DOVER, Del. – Dogs and cats have always been a great source of comfort for soldiers.
Sgt. Stubby, the terrier mutt, alerted soldiers to poison gas and incoming artillery shells in World War I. Tiddles the cat was on several British ships, logging over 30,000 miles at sea during his career. Both animals retired to a home with a soldier.
Nowadays, it’s more common than ever for soldiers to bring home pets adopted while deployed. In fact, a Delaware man in Afghanistan is raising money to bring home his buddy, Sully the cat.
Dan Brissey is on his fourth overseas tour as part of the National Guard. He started in the military later in life than most. When he joined in 2000, at age 31, he was one of the oldest in his basic training class. He spent a year working at the Pentagon as military police immediately following 9/11.
Now 50, all of Brissey’s children are grown and he’s coming up on retirement. Following deployment, in January, he’ll return to his wife and home in Seaford.
Brissey is stationed in Kabul, Afghanistan’s capital and largest city, working as an engineer at a construction site. He noticed an orange kitten one day in a corner of the compound.
“I immediately recognized her as part of a litter of four I had seen around. She was the only one that made it,” Brissey said.
While stray cats are plentiful in Kabul and around Brissey’s compound, many of them avoid humans.
“I know from experience that a lot of these kittens are feral. I’m never able to get close to them,” he said. “But I’m an animal lover and if I see a kitten I want to pet a kitten. So I got down on my knees and she crawled right up to me and put her paw on my leg.”
Brissey became pretty attached to the cat he called Sully. He couldn’t leave her in Afghanistan, so he started trying to make arrangements to get her to Seaford. To do that, he needs to raise money through the clinic.
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Saving war dogs and cats
Nowzad is the only animal rescue in Afghanistan, as far as its founder, Pen Farthing, knows. Since the nonprofit’s 2007 founding, Farthing and his volunteers have assisted over 1,000 soldiers in transporting their front-line pets back home.
The name comes from the small Afghan town of Now Zad, where Farthing himself once served in the British military. It was there that he broke up a dog fight and became fast friends with one of the dogs, which he called Nowzad. He later learned the words translated to “newborn,” and thought it a fitting name for the first animal rescue of its kind in Afghanistan.
Nowzad operates a small clinic and shelter in Kabul, where there are about 140 dogs and 40 cats.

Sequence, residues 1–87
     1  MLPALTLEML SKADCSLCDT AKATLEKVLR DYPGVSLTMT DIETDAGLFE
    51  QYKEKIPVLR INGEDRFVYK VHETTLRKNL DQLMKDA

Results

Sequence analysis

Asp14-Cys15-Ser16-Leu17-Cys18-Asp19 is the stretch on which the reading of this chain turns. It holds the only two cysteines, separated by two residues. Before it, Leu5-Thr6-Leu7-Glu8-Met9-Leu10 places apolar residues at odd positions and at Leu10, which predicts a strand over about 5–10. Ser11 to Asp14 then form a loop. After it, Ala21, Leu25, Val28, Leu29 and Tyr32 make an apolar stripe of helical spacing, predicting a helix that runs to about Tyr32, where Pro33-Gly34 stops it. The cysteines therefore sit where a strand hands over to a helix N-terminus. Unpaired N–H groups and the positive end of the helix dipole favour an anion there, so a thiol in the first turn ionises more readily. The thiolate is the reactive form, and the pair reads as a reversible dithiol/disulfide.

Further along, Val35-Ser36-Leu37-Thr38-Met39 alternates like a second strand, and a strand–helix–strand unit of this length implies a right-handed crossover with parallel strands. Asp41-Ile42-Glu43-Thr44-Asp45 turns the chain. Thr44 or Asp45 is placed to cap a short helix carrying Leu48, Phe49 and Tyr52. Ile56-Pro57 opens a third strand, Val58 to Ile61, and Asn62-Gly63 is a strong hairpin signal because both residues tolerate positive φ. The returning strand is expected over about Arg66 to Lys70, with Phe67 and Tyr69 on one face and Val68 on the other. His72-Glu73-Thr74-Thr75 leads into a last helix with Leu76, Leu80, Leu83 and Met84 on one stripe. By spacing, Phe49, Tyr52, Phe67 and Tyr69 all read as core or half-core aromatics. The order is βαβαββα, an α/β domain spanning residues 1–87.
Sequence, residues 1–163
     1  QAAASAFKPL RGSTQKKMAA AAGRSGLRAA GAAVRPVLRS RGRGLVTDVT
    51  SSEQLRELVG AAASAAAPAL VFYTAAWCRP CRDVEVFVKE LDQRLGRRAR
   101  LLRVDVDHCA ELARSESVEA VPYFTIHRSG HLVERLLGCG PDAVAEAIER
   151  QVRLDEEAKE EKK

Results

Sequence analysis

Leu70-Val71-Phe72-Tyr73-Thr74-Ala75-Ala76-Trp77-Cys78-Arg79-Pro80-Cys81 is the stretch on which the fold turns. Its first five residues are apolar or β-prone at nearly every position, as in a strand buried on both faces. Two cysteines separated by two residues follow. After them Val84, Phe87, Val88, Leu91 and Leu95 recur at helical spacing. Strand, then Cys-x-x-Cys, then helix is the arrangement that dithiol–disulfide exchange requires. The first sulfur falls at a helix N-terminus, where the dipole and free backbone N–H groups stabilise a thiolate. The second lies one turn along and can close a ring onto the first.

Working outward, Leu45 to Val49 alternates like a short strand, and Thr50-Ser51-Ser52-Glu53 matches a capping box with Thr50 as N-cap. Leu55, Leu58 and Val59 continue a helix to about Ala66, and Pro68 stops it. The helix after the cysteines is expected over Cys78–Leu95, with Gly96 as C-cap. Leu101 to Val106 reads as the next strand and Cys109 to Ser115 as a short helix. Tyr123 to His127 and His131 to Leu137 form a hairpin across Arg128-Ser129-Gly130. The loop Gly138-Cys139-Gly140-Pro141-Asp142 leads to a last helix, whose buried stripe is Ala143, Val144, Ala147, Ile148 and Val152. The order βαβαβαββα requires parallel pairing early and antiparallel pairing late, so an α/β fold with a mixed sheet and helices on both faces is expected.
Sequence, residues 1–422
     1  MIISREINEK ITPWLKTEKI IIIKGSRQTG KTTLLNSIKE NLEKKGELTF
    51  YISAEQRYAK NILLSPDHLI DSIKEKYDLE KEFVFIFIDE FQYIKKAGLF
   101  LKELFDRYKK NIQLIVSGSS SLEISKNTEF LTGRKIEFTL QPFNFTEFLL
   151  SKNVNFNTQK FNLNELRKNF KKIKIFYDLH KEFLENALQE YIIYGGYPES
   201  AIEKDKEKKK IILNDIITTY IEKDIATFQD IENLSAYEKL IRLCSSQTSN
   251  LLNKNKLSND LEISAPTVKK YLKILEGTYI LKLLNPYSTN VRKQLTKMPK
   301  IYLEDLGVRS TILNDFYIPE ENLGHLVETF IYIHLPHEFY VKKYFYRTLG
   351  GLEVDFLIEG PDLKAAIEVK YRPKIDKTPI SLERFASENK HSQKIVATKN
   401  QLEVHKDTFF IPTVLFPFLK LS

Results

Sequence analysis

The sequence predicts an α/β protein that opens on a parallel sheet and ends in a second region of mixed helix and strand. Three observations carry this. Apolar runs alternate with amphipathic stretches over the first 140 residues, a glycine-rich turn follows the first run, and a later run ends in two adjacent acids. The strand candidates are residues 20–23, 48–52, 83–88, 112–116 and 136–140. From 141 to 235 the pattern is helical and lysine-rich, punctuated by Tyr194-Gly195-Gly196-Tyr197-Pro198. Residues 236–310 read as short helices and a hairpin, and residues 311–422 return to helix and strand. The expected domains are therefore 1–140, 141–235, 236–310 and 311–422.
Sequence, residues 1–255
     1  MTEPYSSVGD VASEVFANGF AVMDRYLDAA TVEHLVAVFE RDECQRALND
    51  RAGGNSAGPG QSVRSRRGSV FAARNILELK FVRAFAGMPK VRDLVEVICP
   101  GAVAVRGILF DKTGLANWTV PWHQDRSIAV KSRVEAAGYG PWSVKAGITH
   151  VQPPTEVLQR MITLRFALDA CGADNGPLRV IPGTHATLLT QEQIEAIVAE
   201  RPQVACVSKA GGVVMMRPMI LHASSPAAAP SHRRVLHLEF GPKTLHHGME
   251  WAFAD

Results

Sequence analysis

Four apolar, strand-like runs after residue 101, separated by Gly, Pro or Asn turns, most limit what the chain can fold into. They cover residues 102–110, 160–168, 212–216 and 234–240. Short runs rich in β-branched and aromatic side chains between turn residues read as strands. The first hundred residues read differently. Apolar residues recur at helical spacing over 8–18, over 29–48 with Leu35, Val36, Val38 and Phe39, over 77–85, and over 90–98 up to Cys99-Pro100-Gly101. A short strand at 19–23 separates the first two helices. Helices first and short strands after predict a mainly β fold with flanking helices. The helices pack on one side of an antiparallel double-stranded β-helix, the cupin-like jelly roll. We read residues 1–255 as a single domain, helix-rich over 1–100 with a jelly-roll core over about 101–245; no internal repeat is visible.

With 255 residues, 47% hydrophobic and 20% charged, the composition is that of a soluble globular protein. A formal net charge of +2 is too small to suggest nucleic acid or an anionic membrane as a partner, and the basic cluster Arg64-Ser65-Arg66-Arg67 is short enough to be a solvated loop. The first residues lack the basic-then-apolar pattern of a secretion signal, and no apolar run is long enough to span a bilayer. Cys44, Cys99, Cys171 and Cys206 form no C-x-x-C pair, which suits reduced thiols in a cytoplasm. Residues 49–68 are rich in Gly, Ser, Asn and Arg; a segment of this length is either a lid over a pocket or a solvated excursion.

“There has been no form of stray animal control in Afghanistan now for nearly 40 years, because of various ongoing conflicts,” Farthing said. “There are stray dogs on every single street corner.”
Farthing lives in Kabul for much of the year and picked up Sully himself to take her to the clinic.
“Our senior vet, he’s there every day. He looks after her and gives her cuddles,” he said. “As soon as funding is raised, Sully will be headed to the U.S.”
Funding is Nowzad’s biggest challenge. To get a cat to the U.S., it generally costs $3,000 or more and for a dog, up to $5,000.
“It sounds like, and it is, a horrendous amount of money. Airlines charge a premium, unfortunately. They don’t give any discounts,” Farthing said. “But when you think about a soldier that’s been on the front lines for years, away from family and friends, that animal has probably been one of the only positive things throughout the whole process.”
The price tag does, however, provide a sort of screening.
“We don’t want to send animals back to the U.S. that aren’t going to be cared for, so we ask the soldiers to make a financial commitment through fundraising,” Farthing said.
Brissey is fully on-board for the fundraising and has already raised over $3,000. The hardened soldier turns into a pile of mush when he talks about Sully.
“Have you seen a picture of her? She’s just adorable,” he said.
He recently got an update on Sully from the Nowzad clinic.
“She’s about three months old now. She’s doing really good. They vaccinated her and she’ll get spayed at the clinic, too,” Brissey said. “I just want to do what I can for her. Take care of her and give her a good home.”
You can donate here.
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